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Brady Sacked in the Second Circuit

The United States Court of Appeals for the Second Circuit ruled 2-1 that Commissioner Roger Goodell's four-day disciplinary suspension of Patriots quarterback Tom Brady should be affirmed.
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The United States Court of Appeals for the Second Circuit ruled 2-1 that Commissioner Roger Goodell's four-day disciplinary suspension of Patriots quarterback Tom Brady should be affirmed. In a carefully researched opinion, Judge Barrington D. Parker explained that, as an arbitrator, Goodell's decision was worthy of utmost deference. Under prevailing precedent, a court was not to review the commissioner's judgment either on the merits of his ruling or, for the most part, on the process he followed in reaching his conclusions regarding the NFL's leading quarterback. Were Commissioner Goodell actually sitting as an arbitrator in this case, the majority's approach and analysis would be impeccably correct. In fact, Goodell was not sitting as an arbitrator, and thus his entire process was mischaracterized by the Second Circuit panel.

It is impossible to criticize the majority for the fundamental error set forth in the first line of the opinion: "This case involves an arbitration . . ." Both parties before the Court and District Judge Berman, whose decision was reversed by the Circuit panel, described the case as an arbitration. It is easy to understand why the National Football League would do so. Its commissioner was the decision maker, and therefore extreme deference to his judgment would clearly benefit the league. It is more difficult to explain why the Players Association would label the proceeding before Goodell an arbitration, but that was how they argued the case. By doing so, the union gave the league and the majority of the Second Circuit panel an opening for deferring to Mr. Goodell.

Why does it matter what you call the proceeding before the commissioner? Wouldn't the case come out the same way if Roger Goodell was wearing his hat as "Commissioner" or CEO of the league? It is hard to say, but a court reviewing a purely managerial decision would not be handcuffed by the abundant precedent involving the limited review of arbitration awards. Instead, a court would determine whether the commissioner's conclusion was "reasonable" as opposed to "arbitrary and capricious."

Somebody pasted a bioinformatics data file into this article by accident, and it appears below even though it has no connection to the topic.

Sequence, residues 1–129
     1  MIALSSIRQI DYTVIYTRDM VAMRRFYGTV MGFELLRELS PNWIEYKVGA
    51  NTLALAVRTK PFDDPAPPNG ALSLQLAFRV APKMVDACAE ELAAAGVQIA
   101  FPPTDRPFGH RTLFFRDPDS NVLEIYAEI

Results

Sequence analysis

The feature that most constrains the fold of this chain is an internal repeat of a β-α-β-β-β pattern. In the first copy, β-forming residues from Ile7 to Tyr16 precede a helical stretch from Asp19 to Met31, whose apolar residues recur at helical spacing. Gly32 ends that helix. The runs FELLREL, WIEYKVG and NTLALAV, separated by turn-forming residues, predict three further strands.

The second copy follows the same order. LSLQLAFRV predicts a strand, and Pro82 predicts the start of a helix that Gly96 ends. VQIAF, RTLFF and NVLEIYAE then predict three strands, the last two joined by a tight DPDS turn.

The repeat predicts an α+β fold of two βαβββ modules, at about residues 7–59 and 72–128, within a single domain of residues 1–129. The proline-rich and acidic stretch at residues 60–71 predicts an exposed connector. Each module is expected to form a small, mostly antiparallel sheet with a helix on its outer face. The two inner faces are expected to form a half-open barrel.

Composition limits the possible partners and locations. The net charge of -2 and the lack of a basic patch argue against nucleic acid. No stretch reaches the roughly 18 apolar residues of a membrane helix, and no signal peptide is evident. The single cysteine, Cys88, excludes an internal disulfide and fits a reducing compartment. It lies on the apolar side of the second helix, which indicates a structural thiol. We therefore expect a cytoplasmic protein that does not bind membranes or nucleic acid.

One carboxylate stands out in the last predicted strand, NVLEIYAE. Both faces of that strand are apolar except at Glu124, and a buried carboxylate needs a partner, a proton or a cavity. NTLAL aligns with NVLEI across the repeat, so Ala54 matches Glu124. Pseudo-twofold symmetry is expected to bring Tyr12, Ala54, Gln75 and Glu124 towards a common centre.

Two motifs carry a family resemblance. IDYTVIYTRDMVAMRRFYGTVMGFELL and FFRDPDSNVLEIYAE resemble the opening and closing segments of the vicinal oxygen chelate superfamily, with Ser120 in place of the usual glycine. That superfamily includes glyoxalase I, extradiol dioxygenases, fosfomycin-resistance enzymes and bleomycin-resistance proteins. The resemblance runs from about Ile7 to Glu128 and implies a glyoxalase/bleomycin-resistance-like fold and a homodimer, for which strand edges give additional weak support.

Were it not considered to have been an arbitration process, the court would have had ample reasons for setting aside the commissioner's decision, focusing both on the process he employed and the conclusions he reached. National labor policy has elevated arbitration to a unique status for very good reasons. Arbitrators are neutrals, not partisans. They are selected by labor and management to administrator a process with some well-understood elements to it that insure fairness to all concerned.

When the NFL and the NFLPA negotiated their Collective Bargaining Agreement, they reserved to the commissioner in Article 46 the right to impose discipline on players "for conduct detrimental to the integrity of, or public confidence in, the game of professional football . . . " The commissioner reserved the right to appoint another person as the "hearing officer." Unlike other provisions in the Agreement, Article 46 does not refer to the decision maker as an "arbitrator." That omission is quite significant, because the parties to the negotiations certainly understood what it meant to denominate someone as an arbitrator. Instead, the commissioner acts as the commissioner with no pretense that the norms of labor arbitration would be followed. That was how Commissioner Goodell conducted the proceeding, barring the Players Association from examining Jeff Pash, a key player in the investigation of Brady, and refusing the union access to supportive documents in the investigation. There was nothing wrong with the way the commissioner ruled on these matters because, after all, he was not acting as an arbitrator. Were Goodell acting as an arbitrator, his procedural rulings would have demonstrated his "evident partiality," one of the few grounds for setting aside his ultimate conclusions. Of course, Goodell was "partial." He was the chief operating officer of the league acting to protect what he saw as the integrity of his enterprise.

The majority opinion of the Second Circuit states repeatedly that if the union had wanted particular rights and protections for an Article 46 proceeding, it could have (and should have) sought and obtained them in negotiations. Instead, the union accepted the commissioner as the decision maker for one particular kind of disciplinary matter. In the absence of evidence to the contrary concerning the bargaining history of Article 46 -- evidence that is yet to appear -- the union likely recognized Article 46 for what it really is -- a reservation of exclusive managerial rights to protect the integrity of the league.

Commissioner Goodell won a great victory in the Second Circuit, which may have put an end to this episode of NFL history. At the next set of negotiations the Player Association is likely going to attempt to provide for real arbitration of Article 46 issues and the league will resist, arguing that the courts in Brady's case already recognize the current formulation as arbitration. Those negotiations are going to be a rocky undertaking, and the majority of the Second Circuit panel has not made them any easier.